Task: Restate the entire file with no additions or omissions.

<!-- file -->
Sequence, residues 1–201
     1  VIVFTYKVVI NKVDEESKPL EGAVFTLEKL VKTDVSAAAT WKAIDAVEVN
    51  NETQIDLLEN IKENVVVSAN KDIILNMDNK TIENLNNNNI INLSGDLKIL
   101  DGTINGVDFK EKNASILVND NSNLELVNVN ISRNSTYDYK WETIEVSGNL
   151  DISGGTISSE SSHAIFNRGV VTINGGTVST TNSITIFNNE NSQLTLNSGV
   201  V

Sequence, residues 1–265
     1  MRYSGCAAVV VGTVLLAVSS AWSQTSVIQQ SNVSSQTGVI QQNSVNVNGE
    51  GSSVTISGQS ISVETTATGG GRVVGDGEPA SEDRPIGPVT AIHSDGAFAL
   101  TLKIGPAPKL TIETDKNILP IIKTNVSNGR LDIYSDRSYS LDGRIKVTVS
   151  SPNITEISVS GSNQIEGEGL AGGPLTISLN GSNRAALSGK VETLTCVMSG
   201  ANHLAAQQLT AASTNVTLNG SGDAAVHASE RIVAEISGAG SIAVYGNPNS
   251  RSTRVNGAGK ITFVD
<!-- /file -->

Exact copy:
Sequence, residues 1–201
     1  VIVFTYKVVI NKVDEESKPL EGAVFTLEKL VKTDVSAAAT WKAIDAVEVN
    51  NETQIDLLEN IKENVVVSAN KDIILNMDNK TIENLNNNNI INLSGDLKIL
   101  DGTINGVDFK EKNASILVND NSNLELVNVN ISRNSTYDYK WETIEVSGNL
   151  DISGGTISSE SSHAIFNRGV VTINGGTVST TNSITIFNNE NSQLTLNSGV
   201  V

Sequence, residues 1–265
     1  MRYSGCAAVV VGTVLLAVSS AWSQTSVIQQ SNVSSQTGVI QQNSVNVNGE
    51  GSSVTISGQS ISVETTATGG GRVVGDGEPA SEDRPIGPVT AIHSDGAFAL
   101  TLKIGPAPKL TIETDKNILP IIKTNVSNGR LDIYSDRSYS LDGRIKVTVS
   151  SPNITEISVS GSNQIEGEGL AGGPLTISLN GSNRAALSGK VETLTCVMSG
   201  ANHLAAQQLT AASTNVTLNG SGDAAVHASE RIVAEISGAG SIAVYGNPNS
   251  RSTRVNGAGK ITFVD